Again, thanks for all you do, and I hope this feedback will be meaningful and helpful to you in your work to enhance the arts in South Florida and other communities!
Laura Sue Wilansky
The Silver Nightingale
Creative Economy Committee – Broward County’s 2020 Cultural Plan
Vision Broward – Creative Industries Task Force
Let’s see, where was I? Oh, yeah, in shock! I wrote a voluminous blog after the election, which is still sitting in my drafts folder waiting to be finished. And then, I just kinda… was in shock for a while, and stopped blogging. It was GREAT that Obama got elected, but I couldn’t believe it actually happened. To tell the truth, it’s still hard for me to believe it. He’s not perfect, and he’s not doing everything I want, but I’m still happy Obama got elected. President Barack Obama. No one can ever undo that.
From reading other people’s blogs, it looks like blog pauses are pretty common – people just stop for irregular periods of time, usually with no explanation. So maybe we’ll just call that my little Sabbatical, leaving the fields fallow for a while. That’s something we’re all supposed to do every once in a while anyway, planned or spontaneous!
But for a while now, I’ve been thinking alot about things I want to say in this forum again, so stay tuned! More posts coming soon, including something that I hope will stir up some conversation in the South Florida Arts Community (and maybe even beyond!)
“All of us, we all have a responsibility. You have to get your news from news sources, not just one, ’cause they’re all biased, especially the cable channels: MSNBC – very liberal; Fox News – very conservative; The Animal Planet – always meerkats, never badgers.
“You know what bothers me is that every election year as well, you get the voter registration drives aimed at the young people – Rock the Vote, Think the Vote, Music the Vote…. Are we so lost we have to be sold our own democratic right?!…. We have to sexy up the vote for young people?
“Here’s what I would say to you: ‘If you don’t vote, you’re a moron.’ I know what you’ll say: ‘Not voting is a vote.’ No it isn’t. Not voting is just being stupid!
“Voting is not sexy. Voting is not hep. It is not fashionable. It’s not a movie, it’s not a video game. All the kids ain’t doin’ it. Frankly, voting is a pain in the ass! But here’s a word – look it up. It is your DUTY to vote!
“The foundation in this democracy is based on free people making free choices. So young people, if you can’t take your hand out of your bag of Cheetos long enough to fill out a form, then you can’t complain when we wind up with President Sanjaya.
“We have two patriotic candidates. They both love this country, they have different ideas about what to do with it. Learn about them, read about them, question them, listen to them. Then on Election Day, exercise your sacred right as an American and listen to yourself.”
– Craig Ferguson, The Craig Ferguson Show, 9/11/08
“It is enough that the people know there was an election. The people who cast the votes decide nothing. The people who count the votes decide everything.”
– Josef Stalin
Best Campaign Season Song:
They Lost My Vote by my dear friends Ellen Bukstel and Nancy Wuerzburger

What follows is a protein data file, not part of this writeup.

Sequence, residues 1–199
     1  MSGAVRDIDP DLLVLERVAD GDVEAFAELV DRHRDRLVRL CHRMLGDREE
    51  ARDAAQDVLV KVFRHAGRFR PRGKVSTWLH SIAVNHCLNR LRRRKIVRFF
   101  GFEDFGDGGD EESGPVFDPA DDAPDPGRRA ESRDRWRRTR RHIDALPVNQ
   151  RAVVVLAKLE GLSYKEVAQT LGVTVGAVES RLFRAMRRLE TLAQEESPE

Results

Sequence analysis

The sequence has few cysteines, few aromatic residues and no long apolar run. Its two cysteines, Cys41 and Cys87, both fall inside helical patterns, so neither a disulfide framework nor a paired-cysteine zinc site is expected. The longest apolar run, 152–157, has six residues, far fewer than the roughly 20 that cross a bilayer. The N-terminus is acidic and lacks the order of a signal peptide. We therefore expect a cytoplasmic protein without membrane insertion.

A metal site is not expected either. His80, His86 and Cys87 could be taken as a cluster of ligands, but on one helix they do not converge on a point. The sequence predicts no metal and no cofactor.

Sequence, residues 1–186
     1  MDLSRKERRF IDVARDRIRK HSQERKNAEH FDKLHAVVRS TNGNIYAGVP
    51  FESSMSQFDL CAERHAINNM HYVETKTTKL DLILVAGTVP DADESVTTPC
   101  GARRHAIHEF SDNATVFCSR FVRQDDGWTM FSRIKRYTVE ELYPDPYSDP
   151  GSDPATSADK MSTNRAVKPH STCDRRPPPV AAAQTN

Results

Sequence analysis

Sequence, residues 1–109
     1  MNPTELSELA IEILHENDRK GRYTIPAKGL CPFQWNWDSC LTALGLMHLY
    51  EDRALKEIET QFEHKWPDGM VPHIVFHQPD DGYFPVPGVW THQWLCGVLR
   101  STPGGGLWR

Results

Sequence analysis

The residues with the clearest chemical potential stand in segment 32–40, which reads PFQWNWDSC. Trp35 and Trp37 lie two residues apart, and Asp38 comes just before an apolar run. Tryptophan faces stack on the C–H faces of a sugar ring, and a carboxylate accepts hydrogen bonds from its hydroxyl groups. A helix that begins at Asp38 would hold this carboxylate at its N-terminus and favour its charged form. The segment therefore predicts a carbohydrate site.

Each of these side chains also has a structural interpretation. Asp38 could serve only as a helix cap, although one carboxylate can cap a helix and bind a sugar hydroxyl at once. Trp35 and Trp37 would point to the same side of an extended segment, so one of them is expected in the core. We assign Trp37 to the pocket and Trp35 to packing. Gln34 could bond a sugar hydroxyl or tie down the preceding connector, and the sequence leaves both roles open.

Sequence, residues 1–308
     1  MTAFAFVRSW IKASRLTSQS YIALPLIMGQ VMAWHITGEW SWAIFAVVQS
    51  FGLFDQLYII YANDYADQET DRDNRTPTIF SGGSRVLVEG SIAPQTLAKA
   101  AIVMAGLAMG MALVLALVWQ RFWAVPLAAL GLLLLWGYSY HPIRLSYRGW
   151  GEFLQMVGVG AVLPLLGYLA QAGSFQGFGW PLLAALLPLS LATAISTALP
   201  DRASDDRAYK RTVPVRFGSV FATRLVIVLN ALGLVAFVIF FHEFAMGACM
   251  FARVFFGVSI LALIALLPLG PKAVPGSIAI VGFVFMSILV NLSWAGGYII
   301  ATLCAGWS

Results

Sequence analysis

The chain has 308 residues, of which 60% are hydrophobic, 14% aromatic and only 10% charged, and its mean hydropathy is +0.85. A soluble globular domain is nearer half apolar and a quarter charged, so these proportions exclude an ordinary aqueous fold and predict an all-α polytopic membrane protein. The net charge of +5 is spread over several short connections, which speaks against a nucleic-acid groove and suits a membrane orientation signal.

Watch it on the YouTube: They Lost My Vote
(I actually appear in this video very briefly!)
Best Number to Call if You See Something Funky Happening at the Polls:
ELECTION PROTECTION HOTLINE
866/OUR-VOTE – that’s 866/687-8683
Most Satisfying Campaign Violence:
David Alan Grier pulverizing an Obama-to-McCain vote-flipping electronic voting machine with a baseball bat – Chocolate News, 10/25/08
Best Campaign Season Commercial:
Video collage of people ordering at the drive-thru, followed by: We know you have a voice. We hear it every day. Use it November 4th. VOTE. Have it your way ’08 – Burger King
Best Way for Broward County Voters to Check Your Voter Registration:
You can now check your voter registration status online. This is a great thing to do, especially for people who just registered for the first time and want to make sure they’re on the voter rolls, who have moved, or who have any questions whatsoever about their registration status.
Go to Broward Supervisor of Elections Office and click on “Check Your Registration Status” in the middle of the page. You’ll enter your name and date of birth. Please note: enter just your first name, even if you registered with your first and middle name like I did. When I entered my first and middle name, the system could not find my registration, however when I entered just my first name, it came right up.
Based on my experience as a Broward County pollworker, the earlier you register and/or make changes in your registration, the better. Changes made close to the election often create problems at the polls.
I highly recommend you check your registration status before going to the polls, and take your voter registration card to the polls with you! (even though having your voter registration card with you is not required to vote) In the current election environment, many, many voters are being wrongfully removed from the voter rolls without their knowledge. So it is up to us to make sure our Constitutional right to vote is not compromised or denied. Those of you not in Broward County, check with your local county Supervisor of Elections Office and hold them accountable!
Best Way for Broward County Voters to Get Involved in Election Protection:
or: Are We There Yet?
“New Rule: Stop saying we can’t impeach George Bush. We still have two months!” – Dennis Kucinich, DNC New Rules, Real Time with Bill Maher, 9/08
“Mo [Rocca] used to host a TV show called ‘Things I Hate About You’. I’m sure I’ve seen that program, only I believe it’s now called Countdown with Keith Olbermann.” – Dick Cheney, 2008 Radio and TV Correspondents Dinner
“We need to know the full extent of Senator Obama’s relationship with ACORN, who is now on the verge of maybe perpetrating one of the greatest frauds in voter history in this country, maybe destroying the fabric of democracy.” – John McCain, Presidential Debate the Third, 10/15/08
“It reminds me a little bit of what Mary McCarthy once said about Lillian Hellman: ‘Every word out of her mouth is a lie including and and the.’” – Jonathan Alter of Newsweek on McCain’s lies about Obama, The Rachel Maddow Show, 9/10/08